Once more, Garric and company are separated by wizardry, and face different problems in their efforts to save the Isles from chaos. However, instead of essentially resolving the problems presented in the adventure, being reunited at the climax of the book, and then having another one in the next book - they are brought back together, but not in the Isles, and with new problems to face as they have to deal with a new environment.

The book is complete in itself, and an enjoyable read but it cries for the next two books and a a triumphant conclusion in which the good guys win and the Isles have a thousand years of peace and unity before the forces rise.

A good book, one anyone who has read the earlier books in the series will want for sure - and if you haven't already met and come to know and like and admire Garric, Ilna, Liane, and company, here is your chance to remedy that. Some characters I liked and cared about fall out of the story in this book, but whether forever or not, I don't know. The next two books in the trilogy will tell that tale. ( )
  Jawin | Apr 5, 2010 |
Showing 1-5 of 6 (next | show all)
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Author nameRoleType of authorWork?Status
David Drakeprimary authorall editionscalculated
DonatoCover artistsecondary authorsome editionsconfirmed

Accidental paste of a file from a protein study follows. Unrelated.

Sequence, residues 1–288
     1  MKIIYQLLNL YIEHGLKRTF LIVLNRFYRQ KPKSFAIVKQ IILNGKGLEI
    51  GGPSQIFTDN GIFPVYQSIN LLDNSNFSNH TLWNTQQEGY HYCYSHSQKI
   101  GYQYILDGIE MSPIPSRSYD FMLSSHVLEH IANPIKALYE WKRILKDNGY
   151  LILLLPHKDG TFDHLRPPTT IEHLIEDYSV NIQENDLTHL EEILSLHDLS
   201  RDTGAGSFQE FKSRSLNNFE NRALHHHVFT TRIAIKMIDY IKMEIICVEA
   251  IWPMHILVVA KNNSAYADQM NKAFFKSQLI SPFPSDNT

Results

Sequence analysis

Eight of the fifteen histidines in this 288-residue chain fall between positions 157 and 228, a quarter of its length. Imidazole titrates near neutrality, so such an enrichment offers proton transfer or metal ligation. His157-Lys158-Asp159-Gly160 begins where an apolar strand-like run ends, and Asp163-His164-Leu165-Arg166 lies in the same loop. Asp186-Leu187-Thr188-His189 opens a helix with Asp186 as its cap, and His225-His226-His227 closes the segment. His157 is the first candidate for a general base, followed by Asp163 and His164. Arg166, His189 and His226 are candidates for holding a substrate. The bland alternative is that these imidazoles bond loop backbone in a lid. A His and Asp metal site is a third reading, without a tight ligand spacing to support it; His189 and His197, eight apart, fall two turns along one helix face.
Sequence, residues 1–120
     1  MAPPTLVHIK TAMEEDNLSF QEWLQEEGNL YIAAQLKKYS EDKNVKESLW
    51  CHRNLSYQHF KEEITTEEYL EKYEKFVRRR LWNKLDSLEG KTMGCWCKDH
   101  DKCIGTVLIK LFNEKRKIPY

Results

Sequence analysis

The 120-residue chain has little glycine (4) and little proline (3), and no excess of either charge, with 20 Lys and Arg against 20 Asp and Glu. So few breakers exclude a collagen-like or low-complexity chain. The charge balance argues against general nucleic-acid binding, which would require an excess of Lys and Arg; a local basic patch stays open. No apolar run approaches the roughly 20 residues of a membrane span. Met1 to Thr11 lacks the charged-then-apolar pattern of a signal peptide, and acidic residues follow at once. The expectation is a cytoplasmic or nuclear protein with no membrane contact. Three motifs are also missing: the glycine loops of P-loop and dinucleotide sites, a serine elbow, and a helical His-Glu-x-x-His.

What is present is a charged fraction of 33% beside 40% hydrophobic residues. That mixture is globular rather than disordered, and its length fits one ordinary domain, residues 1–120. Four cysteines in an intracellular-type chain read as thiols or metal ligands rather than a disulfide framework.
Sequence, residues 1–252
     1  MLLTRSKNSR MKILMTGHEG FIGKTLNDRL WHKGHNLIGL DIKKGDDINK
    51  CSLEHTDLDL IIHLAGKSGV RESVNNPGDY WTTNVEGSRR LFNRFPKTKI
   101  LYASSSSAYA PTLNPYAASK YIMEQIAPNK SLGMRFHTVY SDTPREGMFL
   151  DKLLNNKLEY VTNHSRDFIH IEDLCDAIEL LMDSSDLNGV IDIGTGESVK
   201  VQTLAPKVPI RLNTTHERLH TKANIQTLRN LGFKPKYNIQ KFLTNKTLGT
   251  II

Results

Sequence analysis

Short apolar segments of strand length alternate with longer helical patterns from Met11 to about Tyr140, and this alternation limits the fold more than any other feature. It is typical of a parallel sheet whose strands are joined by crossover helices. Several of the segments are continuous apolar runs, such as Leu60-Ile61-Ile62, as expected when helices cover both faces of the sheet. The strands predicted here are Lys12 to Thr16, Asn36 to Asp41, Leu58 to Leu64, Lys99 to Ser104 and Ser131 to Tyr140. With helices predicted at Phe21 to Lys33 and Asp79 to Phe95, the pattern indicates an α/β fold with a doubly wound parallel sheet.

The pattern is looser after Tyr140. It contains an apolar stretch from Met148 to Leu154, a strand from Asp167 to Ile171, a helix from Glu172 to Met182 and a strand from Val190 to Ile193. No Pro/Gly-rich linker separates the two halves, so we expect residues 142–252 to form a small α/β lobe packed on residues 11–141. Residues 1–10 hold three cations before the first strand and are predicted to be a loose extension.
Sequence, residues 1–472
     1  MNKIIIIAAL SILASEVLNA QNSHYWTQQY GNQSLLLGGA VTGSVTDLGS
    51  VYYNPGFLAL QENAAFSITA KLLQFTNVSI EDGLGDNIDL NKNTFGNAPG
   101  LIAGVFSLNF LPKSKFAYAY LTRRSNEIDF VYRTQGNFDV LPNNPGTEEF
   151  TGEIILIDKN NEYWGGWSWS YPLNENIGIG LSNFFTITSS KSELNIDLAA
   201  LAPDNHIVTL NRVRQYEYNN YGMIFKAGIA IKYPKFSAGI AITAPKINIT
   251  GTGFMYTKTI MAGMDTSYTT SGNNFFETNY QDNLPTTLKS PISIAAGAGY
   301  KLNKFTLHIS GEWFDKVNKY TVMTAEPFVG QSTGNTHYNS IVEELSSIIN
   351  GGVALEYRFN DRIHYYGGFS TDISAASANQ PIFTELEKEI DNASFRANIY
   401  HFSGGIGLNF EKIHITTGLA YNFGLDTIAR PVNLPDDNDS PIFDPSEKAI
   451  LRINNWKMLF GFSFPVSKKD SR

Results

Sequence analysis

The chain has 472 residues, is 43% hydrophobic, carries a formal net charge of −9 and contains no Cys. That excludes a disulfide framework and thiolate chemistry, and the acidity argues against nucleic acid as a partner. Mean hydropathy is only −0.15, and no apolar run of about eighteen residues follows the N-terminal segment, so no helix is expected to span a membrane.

Russo, CarolCover designersecondary authorsome editionsconfirmed
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To Mark L. Van Name Again, sort of.
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Tenoctris the wizard stood in the prow of the royal flagship, staring intently at the sky.
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(Click to show. Warning: May contain spoilers.)
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Amazon.com Product Description (ISBN 0765351161, Mass Market Paperback)

The Fortress of Glass is the first in the Crown of the Isles trilogy, which will conclude the epic Lord of the Isles series. A true trilogy, the action extends over the whole three-book arc. The Fortress of Glass begins the story of how the new kingdom of the Isles is finally brought into being by the group of heroes and heroines who have been central to all the books in the series. The group includes Prince Garric, heir to the throne of the Isles, his consort Liane, his sister Sharina, her herculean sweetheart Cashel, his sister Ilna, with her adopted child Merota and piratical Chalcus.
On giant triremes filled with soldiers and diplomats, they journey to the small kingdoms of the Isles to confirm the succession of Garric and to subdue, if necessary, any local rulers too fond of their own kingship to pledge fealty to Garric. All this is being done in a time when the powers of magic in the Isles have flooded to a thousand-year peak, and even local magicians can perform powerful spells normally beyond their control. Fantastic forces from all angles try to keep them apart and unable to continue the reunification of the Isles. So separately and together, they must fight their way back to the same time and place to combat the mysterious and supernatural menace of The Green Woman in her Fortress of Glass.

(retrieved from Amazon Thu, 12 Mar 2015 18:07:20 -0400)

(see all 2 descriptions)

Journeying to the small kingdoms of the Isles, Prince Garric and his companions find themselves separated in space and time by unusually strong magical forces and the supernatural Green Woman from the Fortress of Glass.